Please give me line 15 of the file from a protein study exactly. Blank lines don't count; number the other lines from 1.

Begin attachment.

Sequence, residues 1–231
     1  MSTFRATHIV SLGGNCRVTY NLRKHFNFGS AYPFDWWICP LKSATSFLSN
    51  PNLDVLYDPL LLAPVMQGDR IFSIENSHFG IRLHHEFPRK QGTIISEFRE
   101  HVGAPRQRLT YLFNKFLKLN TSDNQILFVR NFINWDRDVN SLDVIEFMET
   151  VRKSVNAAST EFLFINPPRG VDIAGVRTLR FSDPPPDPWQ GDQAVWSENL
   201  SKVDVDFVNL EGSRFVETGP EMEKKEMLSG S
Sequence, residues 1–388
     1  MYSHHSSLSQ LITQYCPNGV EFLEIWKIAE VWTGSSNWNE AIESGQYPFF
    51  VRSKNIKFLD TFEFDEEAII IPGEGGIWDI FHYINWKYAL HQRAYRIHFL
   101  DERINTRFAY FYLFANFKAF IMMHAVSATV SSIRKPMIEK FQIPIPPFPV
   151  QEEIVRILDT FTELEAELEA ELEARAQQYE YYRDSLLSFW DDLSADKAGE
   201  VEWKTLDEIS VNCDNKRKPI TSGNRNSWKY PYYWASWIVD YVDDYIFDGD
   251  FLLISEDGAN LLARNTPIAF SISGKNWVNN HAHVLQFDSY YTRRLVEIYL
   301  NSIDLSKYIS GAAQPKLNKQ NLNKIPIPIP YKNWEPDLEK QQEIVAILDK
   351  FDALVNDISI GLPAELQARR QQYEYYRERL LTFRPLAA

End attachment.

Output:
   351  FDALVNDISI GLPAELQARR QQYEYYRERL LTFRPLAA